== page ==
Where is Jesus going with this parable? What does it mean? He’s talking about fairness in the kingdom of God - the vineyard, that is. God, of course, is the owner. And we are the workers. But what kind of workers, and what is a fair price? It seems this parable raises many questions. Chief among them, “what is fair?”. Let’s ponder fairness today in light of God’s work in Christ, and gain a deeper understanding of just how unfair – and just how fair – our God is.

II. When We Say “It’s Not Fair!”

Fairness is a concept we Americans are familiar with. From an early age, we learn what “fairness” is all about. Soon after the words “No!” and “Mine!”, children learn that handy phrase, “It’s not fair!”. And we find ourselves echoing our own parents, “Who ever said life was fair?”

Still, we have an expectation that it will be! When someone cheats and gets ahead of us, we feel indignant. Slighted. It’s not fair!

“I’ve been at this company for years, and that young upstart gets the promotion while I’m passed over? It’s not fair.”

“I’m a good parent. I really, really love my children. How come everyone else has perfect kids, and mine have all the problems? It’s not fair!”

“I lived a good, clean, life. No smoking – I tried to eat well. And now the doctor says I have lung cancer. But my sister-in-law has smoked a pack a day for 40 years, and is just fine. It’s not fair.”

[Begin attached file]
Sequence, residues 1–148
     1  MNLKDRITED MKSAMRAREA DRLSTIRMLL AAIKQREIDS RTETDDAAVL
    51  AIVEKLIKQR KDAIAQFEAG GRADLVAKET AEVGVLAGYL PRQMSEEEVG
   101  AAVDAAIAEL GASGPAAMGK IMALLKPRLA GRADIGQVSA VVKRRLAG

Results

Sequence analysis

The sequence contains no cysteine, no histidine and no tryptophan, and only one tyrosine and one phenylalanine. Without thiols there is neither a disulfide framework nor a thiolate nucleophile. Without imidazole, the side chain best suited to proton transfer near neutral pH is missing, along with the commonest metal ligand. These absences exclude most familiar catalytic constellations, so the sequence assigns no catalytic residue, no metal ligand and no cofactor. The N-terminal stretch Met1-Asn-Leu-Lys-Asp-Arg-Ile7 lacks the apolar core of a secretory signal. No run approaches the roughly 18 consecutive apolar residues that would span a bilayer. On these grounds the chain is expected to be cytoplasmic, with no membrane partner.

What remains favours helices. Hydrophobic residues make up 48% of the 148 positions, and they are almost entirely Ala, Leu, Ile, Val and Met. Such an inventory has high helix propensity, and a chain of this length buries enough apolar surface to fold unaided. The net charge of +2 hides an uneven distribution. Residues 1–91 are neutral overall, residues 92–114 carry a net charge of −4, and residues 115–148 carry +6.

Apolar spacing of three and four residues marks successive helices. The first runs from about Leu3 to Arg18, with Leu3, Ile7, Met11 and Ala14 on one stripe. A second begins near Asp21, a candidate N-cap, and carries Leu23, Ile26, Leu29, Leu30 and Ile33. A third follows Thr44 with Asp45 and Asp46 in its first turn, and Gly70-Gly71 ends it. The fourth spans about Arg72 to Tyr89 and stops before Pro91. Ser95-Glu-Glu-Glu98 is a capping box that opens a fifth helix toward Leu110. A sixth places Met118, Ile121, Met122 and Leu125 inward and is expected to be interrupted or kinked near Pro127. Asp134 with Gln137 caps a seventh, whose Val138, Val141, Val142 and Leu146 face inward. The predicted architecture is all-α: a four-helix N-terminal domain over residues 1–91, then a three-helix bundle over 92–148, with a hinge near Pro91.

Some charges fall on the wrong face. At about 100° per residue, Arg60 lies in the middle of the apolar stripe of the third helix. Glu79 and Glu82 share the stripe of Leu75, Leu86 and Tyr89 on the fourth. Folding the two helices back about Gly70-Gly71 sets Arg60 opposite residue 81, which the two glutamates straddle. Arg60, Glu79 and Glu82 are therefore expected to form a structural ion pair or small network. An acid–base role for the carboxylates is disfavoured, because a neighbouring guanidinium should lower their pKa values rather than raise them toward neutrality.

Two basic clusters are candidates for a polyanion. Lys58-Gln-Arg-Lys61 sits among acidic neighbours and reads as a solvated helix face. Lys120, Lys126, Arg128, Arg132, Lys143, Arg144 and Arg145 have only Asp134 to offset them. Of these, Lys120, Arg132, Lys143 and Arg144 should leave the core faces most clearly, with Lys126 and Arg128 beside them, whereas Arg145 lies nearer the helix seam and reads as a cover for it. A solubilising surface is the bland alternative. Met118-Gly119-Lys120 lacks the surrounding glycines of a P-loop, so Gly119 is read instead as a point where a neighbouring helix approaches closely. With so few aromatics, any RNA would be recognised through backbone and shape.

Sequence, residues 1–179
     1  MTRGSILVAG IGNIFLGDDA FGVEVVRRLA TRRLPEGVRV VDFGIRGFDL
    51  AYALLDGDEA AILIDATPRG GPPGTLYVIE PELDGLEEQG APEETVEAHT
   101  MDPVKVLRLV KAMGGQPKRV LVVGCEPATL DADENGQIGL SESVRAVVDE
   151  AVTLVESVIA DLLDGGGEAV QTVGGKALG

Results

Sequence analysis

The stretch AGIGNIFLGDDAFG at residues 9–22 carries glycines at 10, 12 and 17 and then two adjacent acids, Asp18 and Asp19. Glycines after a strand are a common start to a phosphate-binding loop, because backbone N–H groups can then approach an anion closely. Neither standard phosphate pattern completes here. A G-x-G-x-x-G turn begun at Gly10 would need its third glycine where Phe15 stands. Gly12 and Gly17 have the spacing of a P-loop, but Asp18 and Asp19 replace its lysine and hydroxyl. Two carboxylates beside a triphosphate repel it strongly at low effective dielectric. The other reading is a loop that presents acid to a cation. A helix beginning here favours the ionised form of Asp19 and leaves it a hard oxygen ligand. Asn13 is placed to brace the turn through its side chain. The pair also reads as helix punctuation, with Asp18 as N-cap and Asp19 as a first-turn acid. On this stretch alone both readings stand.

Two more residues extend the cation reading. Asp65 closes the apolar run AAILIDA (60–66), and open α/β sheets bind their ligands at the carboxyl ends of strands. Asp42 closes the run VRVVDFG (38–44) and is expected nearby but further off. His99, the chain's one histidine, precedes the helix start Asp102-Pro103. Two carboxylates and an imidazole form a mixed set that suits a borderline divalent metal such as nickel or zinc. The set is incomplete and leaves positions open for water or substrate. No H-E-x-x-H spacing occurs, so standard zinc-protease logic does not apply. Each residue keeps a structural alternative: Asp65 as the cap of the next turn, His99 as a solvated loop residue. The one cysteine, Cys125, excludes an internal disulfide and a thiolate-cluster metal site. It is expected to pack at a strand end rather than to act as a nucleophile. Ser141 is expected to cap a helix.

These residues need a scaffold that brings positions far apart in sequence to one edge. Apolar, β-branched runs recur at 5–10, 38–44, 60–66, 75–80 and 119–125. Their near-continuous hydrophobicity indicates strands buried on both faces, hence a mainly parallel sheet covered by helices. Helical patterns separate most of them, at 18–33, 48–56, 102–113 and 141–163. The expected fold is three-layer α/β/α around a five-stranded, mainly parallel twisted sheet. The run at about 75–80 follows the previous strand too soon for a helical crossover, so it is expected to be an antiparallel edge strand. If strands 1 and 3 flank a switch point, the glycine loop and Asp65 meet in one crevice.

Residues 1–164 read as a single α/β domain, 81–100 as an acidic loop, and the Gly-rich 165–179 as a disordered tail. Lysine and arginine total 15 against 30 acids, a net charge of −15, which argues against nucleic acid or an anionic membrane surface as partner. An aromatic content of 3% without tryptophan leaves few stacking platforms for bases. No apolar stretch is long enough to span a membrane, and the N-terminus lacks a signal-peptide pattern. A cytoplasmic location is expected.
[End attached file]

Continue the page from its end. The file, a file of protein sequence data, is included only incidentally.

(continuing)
Or how many other examples of UN-fairness could we think of? In the end, our sense of fairness is most keen when we feel WE are the victims of an injustice. Or when we feel someone is treated more favorably than we are – for no good reason.

The common thread in this thought process is this:
1) I am good. I deserve good things.
2) I am not receiving good things.
3) Something must be wrong.
4) Who’s going to fix it?

But is this the way the Christian should think?
1) Am I that good really? Not according to the law, and my sins it shows.
2) Am I receiving good things? We all do, in abundance. Sometimes just not the ones we want when we want them.
3) Is something wrong? Yes, but with us, not with God.
4) Don’t worry. God will fix it. He already has.

III. God Says, “You’re right, it’s NOT fair!”

God is supremely unfair and supremely fair at the same time.

Unfair – “he does not treat us as our sins deserve, or repay us according to our iniquities”. Some would say this is not fair. You might look at the sinner over there and WANT God to punish him or her. You might expect that a fair and just God would mete out due punishment to THOSE people. If he doesn’t, it’s not fair!